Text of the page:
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Thread: Why alum block vs. styptic pencil?

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    Default Why alum block vs. styptic pencil?

    Hello,
    Before getting to my question here is an update:
    I've done about six to 10 SR shaves now and am making progress. No more nicks or cuts but still haven't mastered the chin area. I need a DE to do that. But the DE gives me razor burn after the SR shave.

    What is the purpose of an alum block? Do I need it? If I get a cut I use a styptic pencil.

    Thanks for your help.

    July10newbie

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    'with that said' cudarunner's Avatar
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    Quote Originally Posted by July10newbie View Post
    Hello,
    Before getting to my question here is an update:
    I've done about six to 10 SR shaves now and am making progress. No more nicks or cuts but still haven't mastered the chin area. I need a DE to do that. But the DE gives me razor burn after the SR shave.

    What is the purpose of an alum block? Do I need it? If I get a cut I use a styptic pencil.

    Thanks for your help.

    July10newbie
    No Violin needed----

    The styptic pencil is the way to go with nicks and cuts. The alum block does a nice job of 'Tightening' the skin----or at least that's the best description I can give.

    It's also useful to apply to your fingertips when you go to stretch the skin as it will help prevent 'slippage' which may result in a cut.

    I hope this is of some help.
    Our house is as Neil left it- an Aladdin’s cave of 'stuff'.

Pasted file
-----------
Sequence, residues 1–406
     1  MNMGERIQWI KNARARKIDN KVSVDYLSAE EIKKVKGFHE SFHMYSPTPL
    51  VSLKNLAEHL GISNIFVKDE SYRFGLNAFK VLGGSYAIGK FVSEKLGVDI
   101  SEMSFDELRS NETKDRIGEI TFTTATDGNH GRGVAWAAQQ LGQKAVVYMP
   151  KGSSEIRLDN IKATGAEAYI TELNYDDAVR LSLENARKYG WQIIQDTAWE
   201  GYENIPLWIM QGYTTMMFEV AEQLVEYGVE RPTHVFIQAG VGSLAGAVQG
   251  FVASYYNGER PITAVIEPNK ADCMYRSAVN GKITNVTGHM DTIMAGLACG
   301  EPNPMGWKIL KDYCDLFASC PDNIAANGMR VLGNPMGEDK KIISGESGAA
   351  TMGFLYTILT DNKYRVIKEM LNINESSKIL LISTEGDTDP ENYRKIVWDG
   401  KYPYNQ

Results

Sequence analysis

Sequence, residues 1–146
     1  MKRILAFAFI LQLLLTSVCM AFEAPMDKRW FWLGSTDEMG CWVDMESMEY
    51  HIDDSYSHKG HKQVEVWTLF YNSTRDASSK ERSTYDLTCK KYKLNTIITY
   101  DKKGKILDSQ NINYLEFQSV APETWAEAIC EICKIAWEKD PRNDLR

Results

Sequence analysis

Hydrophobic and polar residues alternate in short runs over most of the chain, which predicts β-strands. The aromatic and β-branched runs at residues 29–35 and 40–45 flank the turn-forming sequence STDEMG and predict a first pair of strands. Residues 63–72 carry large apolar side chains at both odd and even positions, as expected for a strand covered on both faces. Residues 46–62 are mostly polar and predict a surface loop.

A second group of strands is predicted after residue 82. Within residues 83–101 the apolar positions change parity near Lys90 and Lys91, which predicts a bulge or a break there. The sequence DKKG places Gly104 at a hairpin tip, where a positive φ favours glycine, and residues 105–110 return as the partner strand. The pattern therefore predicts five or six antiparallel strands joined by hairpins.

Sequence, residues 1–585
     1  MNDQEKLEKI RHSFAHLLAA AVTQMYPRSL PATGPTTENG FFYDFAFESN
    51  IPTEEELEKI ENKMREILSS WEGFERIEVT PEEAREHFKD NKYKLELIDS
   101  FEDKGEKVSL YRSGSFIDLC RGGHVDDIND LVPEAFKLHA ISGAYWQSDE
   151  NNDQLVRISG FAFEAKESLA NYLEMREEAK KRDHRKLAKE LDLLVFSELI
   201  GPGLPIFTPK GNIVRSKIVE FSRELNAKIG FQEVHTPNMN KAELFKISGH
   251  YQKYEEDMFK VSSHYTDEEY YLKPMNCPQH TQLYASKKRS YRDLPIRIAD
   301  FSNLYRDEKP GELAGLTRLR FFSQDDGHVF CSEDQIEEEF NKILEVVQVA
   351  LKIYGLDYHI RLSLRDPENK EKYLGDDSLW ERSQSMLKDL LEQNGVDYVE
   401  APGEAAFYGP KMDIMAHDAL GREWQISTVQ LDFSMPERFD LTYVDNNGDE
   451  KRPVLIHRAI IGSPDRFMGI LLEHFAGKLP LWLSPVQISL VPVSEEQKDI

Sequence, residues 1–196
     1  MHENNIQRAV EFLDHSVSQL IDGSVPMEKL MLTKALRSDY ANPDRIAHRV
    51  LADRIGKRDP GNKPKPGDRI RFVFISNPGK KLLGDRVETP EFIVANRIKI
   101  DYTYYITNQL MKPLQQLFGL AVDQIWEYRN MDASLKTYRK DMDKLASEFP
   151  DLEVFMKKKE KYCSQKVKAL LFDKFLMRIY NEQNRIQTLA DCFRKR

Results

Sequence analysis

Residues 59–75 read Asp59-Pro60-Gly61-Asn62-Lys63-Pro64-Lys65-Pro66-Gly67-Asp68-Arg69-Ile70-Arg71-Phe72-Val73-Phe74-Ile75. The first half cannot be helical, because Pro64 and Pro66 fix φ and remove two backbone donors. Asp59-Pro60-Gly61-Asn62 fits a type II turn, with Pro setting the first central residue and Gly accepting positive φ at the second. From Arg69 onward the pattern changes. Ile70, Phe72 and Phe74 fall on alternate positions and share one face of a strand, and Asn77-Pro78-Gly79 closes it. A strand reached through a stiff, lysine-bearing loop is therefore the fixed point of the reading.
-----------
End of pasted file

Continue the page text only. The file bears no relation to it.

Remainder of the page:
Kim X

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    Thanks Cudarunner!
    I'm also a runner and a musician. Hence, the violin.

    It may sound naive but how does tightening the skin help with shaving?

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    'with that said' cudarunner's Avatar
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    Quote Originally Posted by July10newbie View Post
    Thanks Cudarunner!

    It may sound naive but how does tightening the skin help with shaving?
    It's a sensation that is really hard to describe----It's kind of like how some LOVE that Slight Sting from the Aftershave---myself included

    Pick up a bar and give it a try you may like it
    Our house is as Neil left it- an Aladdin’s cave of 'stuff'.

    Kim X

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    Do you apply alum over the whole shaving face? When do you do this? After washing and before lathering? Do you wet your face, dry it, then apply alum, then wet and lather, then shave? What is the routine?

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    'with that said' cudarunner's Avatar
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    Quote Originally Posted by July10newbie View Post
    Do you apply alum over the whole shaving face? When do you do this? After washing and before lathering? Do you wet your face, dry it, then apply alum, then wet and lather, then shave? What is the routine?
    After you have shaved and right after you've rinsed the lather off of your face. Then apply your aftershave--if you desire.

    However as I've said you can use it on your fingertips before you shave to help keep your fingers from slipping on the skin.
    Our house is as Neil left it- an Aladdin’s cave of 'stuff'.

    Kim X

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    Gatling-Gun Jerry Gasman's Avatar
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    Yes. As Roy said. After the shave and just after rincing the leftover lather off. I will then rince in cold water and get the alum wet with cold water and rub it on anything you shaved. This will tighten the skin and tell you by how much sting you find, how well your shave went. Some folks leave it on but i dont. I wont let it dry on my face. After i get my brush rinced out so only a minute later, i rince in cold water. Dry the face and xlap on the A.S.

    Its not nessasary to do but some folks do it with every shave. I do it once or twice a week just to see how well my shave went. Plus i got it so might as well use it up.